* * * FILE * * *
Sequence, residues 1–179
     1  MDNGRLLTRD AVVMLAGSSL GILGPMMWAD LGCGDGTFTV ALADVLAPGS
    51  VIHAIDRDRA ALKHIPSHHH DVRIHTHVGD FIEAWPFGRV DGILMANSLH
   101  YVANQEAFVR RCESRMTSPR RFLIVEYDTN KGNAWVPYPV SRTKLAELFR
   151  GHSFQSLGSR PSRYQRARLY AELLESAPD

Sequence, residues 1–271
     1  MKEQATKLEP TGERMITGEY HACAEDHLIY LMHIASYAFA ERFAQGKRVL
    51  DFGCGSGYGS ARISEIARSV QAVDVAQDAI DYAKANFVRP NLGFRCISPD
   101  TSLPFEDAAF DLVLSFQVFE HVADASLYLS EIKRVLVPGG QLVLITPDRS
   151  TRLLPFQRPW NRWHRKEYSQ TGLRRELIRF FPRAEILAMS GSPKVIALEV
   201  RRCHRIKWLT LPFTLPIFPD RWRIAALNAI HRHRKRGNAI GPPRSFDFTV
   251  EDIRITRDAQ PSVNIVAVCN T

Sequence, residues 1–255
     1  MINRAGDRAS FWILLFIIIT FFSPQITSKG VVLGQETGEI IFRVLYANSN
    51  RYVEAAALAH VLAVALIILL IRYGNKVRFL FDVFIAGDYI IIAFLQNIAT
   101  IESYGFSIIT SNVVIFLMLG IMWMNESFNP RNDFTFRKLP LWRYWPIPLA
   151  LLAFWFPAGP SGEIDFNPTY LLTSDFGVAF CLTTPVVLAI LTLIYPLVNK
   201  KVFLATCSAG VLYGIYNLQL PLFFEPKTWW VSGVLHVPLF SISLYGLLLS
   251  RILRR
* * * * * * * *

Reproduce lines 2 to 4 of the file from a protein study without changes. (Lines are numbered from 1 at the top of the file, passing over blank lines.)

     1  MDNGRLLTRD AVVMLAGSSL GILGPMMWAD LGCGDGTFTV ALADVLAPGS
    51  VIHAIDRDRA ALKHIPSHHH DVRIHTHVGD FIEAWPFGRV DGILMANSLH
   101  YVANQEAFVR RCESRMTSPR RFLIVEYDTN KGNAWVPYPV SRTKLAELFR